The Christmas Burglars (1908)
- Short | Comedy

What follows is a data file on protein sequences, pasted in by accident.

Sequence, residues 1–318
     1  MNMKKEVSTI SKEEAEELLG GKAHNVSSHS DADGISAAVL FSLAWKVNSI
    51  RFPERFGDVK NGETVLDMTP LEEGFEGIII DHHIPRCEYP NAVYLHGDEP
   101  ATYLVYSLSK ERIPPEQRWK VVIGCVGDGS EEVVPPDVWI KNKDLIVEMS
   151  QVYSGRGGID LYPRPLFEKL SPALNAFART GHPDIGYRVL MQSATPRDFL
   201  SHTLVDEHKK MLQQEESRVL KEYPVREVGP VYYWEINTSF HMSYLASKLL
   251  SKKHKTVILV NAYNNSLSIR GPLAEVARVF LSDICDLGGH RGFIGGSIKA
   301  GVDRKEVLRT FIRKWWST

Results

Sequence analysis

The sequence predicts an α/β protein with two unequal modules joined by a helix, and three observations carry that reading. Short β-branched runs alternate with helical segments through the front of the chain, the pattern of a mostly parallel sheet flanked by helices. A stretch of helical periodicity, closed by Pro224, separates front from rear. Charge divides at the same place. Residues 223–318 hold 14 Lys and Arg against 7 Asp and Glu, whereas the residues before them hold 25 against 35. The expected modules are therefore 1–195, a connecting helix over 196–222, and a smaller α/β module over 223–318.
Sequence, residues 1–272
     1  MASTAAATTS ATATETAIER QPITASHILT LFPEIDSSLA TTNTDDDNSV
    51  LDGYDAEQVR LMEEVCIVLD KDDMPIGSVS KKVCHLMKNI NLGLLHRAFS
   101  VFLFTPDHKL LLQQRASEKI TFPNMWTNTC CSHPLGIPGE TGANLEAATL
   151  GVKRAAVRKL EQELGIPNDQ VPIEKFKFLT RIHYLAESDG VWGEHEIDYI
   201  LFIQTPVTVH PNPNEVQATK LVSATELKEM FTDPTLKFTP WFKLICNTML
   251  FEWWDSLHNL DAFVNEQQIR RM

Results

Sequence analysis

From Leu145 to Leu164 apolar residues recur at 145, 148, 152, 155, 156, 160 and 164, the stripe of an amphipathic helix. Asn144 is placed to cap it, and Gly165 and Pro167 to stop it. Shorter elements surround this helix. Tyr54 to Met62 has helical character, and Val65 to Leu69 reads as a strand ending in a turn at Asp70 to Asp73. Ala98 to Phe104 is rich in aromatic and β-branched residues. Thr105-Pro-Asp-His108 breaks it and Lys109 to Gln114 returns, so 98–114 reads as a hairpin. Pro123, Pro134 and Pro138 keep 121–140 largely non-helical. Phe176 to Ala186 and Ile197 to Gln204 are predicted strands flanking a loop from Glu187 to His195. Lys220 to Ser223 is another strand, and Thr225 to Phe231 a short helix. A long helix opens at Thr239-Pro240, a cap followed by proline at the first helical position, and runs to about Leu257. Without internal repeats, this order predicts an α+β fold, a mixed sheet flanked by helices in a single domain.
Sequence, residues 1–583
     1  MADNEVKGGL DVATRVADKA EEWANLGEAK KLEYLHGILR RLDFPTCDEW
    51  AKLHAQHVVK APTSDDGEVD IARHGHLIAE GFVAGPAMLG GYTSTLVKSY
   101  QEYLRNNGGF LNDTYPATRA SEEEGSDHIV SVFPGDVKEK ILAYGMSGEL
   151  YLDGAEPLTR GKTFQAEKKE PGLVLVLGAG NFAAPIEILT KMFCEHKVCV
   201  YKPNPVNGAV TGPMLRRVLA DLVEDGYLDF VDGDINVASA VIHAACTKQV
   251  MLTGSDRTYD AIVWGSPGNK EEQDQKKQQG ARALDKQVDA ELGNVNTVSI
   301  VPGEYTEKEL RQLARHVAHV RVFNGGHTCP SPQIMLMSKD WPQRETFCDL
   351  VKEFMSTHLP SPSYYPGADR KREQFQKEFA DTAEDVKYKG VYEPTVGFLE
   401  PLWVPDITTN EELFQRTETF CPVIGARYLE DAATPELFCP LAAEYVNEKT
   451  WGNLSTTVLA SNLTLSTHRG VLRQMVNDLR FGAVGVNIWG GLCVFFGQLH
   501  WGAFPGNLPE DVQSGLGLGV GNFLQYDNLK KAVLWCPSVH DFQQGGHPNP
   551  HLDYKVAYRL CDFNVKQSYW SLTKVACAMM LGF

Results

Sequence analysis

It is Christmas Eve. Mrs. Martin, the poor widowed mother of a seven-year-old child, returns to her cheerless apartment, after a long day's tramp in search of work, and all in vain. The little one asks her mother if Santa Clans is coming, to which the poor, almost heartbroken woman is unable to answer. The baby then says, "I'll write him a letter to be sure to come." And so she writes on a scrap of paper, "Dear Santa, please don't forget little Margie. Me and mamma ain't got no food even. Little Margie, 114 Broome St., top floor." This she shows her mother who is unable to control her emotion. Baby then hangs up her stocking, putting the letter in it. When the little one is asleep, the mother takes the note, and reading it, is driven almost mad with helplessness. With the child's missive clutched in her hand, she takes up her cloak and hurries to the pawnshop, which is presided over by Mike McLaren, an Irish pawnbroker. Mike's reputation as a philanthropist is not very pronounced. On the contrary as we see him he appears to be a cruel, pitiless Hibernian, without a grain of charity in his makeup. Ah! but who can reckon the power of the Christmas spirit. Mrs. Martin enters Mike's place and proffers her cloak as a pledge for a few cents, but Mike throws the cloak back at her with an invective. It is worth nothing to him, so he will allow her nothing. In her mental agony she absent-mindedly drops the baby's letter on the floor. Mike picks this up alter she leaves. What a change comes over him as he reads the child's innocent appeal. Hustling his clerks about, he bids them buy a Christmas tree, ornaments, toys and provisions. This done, he enlists the service of a couple of burglars, who burglarize Mrs. Martin's apartment, slightly chloroforming her and her child, so as to be sure of their not waking while they are at work. In comes the clerk with the tree and presents, which Mike arranges, and when finished, he goes out into the hall to watch the effect. He hasn't long to wait, and he dances around like a child at the view he gets through the keyhole, hurrying off before the inmates learn from whence their blessing came. The little one attributes it to her letter to Santa, and in truth it was, but they never knew the real Santa. "To dry up a single tear has more of honest fame than shedding seas of gore."